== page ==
*Cause:    The deleted table had
           - no key-preserved tables,
           - more than one key-preserved table, or
           - the key-preserved table was an unmerged view.
*Action:   Redefine the view or delete it from the underlying base tables.

So, as we've seen in the example above, we must do a different things in order to get only the number of rows that we want to delete. By the way this is the standard ANSI SQL behavior as instead of joins we should use a subquery or an IN clause in order to identify the rows to be deleted. Obviously, this same style of using a subquery, as it is standard ANSI SQL, is also possible in SQL Server.

PostgreSQL

Now let's see the behavior of PostgreSQL. Here we have basically two ways as in SQL Server, one is to use the USING clause which again is not standard and is basically a JOIN as in SQL Server, the other is to use a subquery:

begin;
 
DELETE
from "discount_table"
where "customerid" in 
(select "discount_table"."customerid" FROM "discount_table"
INNER JOIN "Invoice" ON "Invoice"."CustomerId" = "discount_table"."customerid"
INNER JOIN "InvoiceLine" ON "InvoiceLine"."InvoiceId" = "Invoice"."InvoiceId"
INNER JOIN "Customer" ON "Customer"."CustomerId" = "discount_table"."customerid"
INNER JOIN "Track" ON "Track"."TrackId" = "InvoiceLine"."TrackId"
WHERE "Customer"."Country"='Austria' AND "GenreId" IN (1,3));
query results

Since we'd like to demonstrate other possible syntax, we will rollback this transaction:

rollback;
query results

Delete Data using a CTE

Let's now introduce something that is possible in all three RDBMS, the use of a CTE instead of a subquery.

PostegreSQL

begin;
with rows_to_delete as
(select distinct "discount_table".* FROM "discount_table"
INNER JOIN "Invoice" ON "Invoice"."CustomerId" = "discount_table"."customerid"
INNER JOIN "InvoiceLine" ON "InvoiceLine"."InvoiceId" = "Invoice"."InvoiceId"
INNER JOIN "Customer" ON "Customer"."CustomerId" = "discount_table"."customerid"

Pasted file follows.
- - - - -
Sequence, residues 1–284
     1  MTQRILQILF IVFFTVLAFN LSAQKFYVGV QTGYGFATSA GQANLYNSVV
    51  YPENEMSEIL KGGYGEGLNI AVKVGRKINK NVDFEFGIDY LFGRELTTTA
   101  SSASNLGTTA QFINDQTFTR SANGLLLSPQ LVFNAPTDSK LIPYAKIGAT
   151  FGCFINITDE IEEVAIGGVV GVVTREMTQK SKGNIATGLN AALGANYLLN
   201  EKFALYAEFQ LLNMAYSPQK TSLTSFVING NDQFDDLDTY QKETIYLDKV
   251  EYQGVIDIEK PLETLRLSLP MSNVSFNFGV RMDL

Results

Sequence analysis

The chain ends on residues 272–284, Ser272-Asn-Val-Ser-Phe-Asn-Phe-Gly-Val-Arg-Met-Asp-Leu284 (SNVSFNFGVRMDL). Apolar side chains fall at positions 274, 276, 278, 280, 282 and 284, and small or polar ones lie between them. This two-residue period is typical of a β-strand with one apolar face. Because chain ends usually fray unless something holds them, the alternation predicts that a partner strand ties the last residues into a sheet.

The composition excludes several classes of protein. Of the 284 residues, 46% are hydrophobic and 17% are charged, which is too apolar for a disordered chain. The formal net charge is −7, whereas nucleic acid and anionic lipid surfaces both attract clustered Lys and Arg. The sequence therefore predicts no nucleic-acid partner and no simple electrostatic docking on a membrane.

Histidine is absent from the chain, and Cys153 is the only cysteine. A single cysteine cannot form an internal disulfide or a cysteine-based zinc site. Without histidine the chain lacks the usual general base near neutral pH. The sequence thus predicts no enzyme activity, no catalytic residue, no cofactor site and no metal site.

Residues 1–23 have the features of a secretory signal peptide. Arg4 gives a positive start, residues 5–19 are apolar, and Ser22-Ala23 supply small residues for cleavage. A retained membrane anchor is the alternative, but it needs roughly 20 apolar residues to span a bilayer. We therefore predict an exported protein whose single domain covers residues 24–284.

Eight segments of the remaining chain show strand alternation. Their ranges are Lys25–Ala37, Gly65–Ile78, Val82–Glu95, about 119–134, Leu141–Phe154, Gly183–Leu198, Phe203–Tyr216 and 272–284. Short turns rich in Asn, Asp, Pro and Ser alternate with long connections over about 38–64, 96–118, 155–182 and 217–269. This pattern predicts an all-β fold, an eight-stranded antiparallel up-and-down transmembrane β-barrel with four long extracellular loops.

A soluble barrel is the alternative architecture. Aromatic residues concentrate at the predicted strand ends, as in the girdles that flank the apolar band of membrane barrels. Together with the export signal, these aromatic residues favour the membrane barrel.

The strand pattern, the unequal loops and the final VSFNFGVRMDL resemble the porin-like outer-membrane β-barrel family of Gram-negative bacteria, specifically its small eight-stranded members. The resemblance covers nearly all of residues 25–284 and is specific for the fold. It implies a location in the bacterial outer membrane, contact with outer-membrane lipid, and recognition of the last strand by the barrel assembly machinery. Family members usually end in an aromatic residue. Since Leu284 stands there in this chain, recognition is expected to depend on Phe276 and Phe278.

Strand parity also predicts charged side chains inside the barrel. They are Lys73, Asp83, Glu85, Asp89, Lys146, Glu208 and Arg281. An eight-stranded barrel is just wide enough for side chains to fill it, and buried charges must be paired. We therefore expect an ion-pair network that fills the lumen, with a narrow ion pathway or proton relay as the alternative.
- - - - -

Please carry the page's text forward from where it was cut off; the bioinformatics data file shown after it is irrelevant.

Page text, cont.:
INNER JOIN "Track" ON "Track"."TrackId" = "InvoiceLine"."TrackId"
WHERE "Customer"."Country"='Austria' AND "GenreId" IN (1,3))
DELETE
from "discount_table"
using rows_to_delete
where "discount_table"."customerid"=rows_to_delete."customerid";
query results

As you can see, we have joined the CTE with the USING clause which as I said before is not ANSI SQL standard.

Now we can commit this delete:

commit;
query results

SQL Server

We've just seen in the example before that a CTE can be used in order to filter the rows to be deleted in PostgreSQL, now we'll see the syntax in SQL Server, which is pretty much the same with the SELECT statement and WHERE condition, so using the same example (and having re-inserted the deleted row in the discount_table):

begin tran
;with rows_to_delete as
(select distinct discount_table.* FROM discount_table
INNER JOIN Invoice ON Invoice.CustomerId = discount_table.customerid
INNER JOIN InvoiceLine ON InvoiceLine.InvoiceId = Invoice.InvoiceId
INNER JOIN Customer ON Customer.CustomerId = discount_table.customerid
INNER JOIN Track ON Track.TrackId = InvoiceLine.TrackId
WHERE Customer.Country='Austria' AND GenreId IN (1,3))
DELETE
from discount_table
from Discount_Table
inner join rows_to_delete
on discount_table.customerid=rows_to_delete.customerid
query results

We can now rollback the transaction as I'd like to use this row again for the next example:

rollback;
query results

Oracle

In Oracle the syntax is a little bit different as the CTE must not be declared first, but after the DELETE statement as in this example:

DELETE
from chinook.discount_table
where customerid in  
(with rows_to_delete as
(select distinct chinook.discount_table.* FROM chinook.discount_table
INNER JOIN chinook.Invoice ON chinook.Invoice.CustomerId = chinook.discount_table.customerid
INNER JOIN chinook.InvoiceLine ON chinook.InvoiceLine.InvoiceId = chinook.Invoice.InvoiceId
INNER JOIN chinook.Customer ON chinook.Customer.CustomerId = chinook.discount_table.customerid
INNER JOIN chinook.Track ON chinook.Track.TrackId = chinook.InvoiceLine.TrackId
WHERE chinook.Customer.Country='Austria' AND GenreId IN (1,3))
select customerid from rows_to_delete);
query results

And we can commit it:

commit;
query results

Return Output from Deleted Rows

Let's see now another important feature common on all three RDBMS, the possibility of returning output for deleted rows, exactly as I've already shown on my previous INSERT tip.

SQL Server

begin tran
;with rows_to_delete as
(select distinct discount_table.* FROM discount_table
INNER JOIN Invoice ON Invoice.CustomerId = discount_table.customerid
INNER JOIN InvoiceLine ON InvoiceLine.InvoiceId = Invoice.InvoiceId
INNER JOIN Customer ON Customer.CustomerId = discount_table.customerid
INNER JOIN Track ON Track.TrackId = InvoiceLine.TrackId
WHERE Customer.Country='Austria' AND GenreId IN (1,3))
DELETE
from discount_table
output deleted.*
from Discount_Table
inner join rows_to_delete
on discount_table.customerid=rows_to_delete.customerid
query results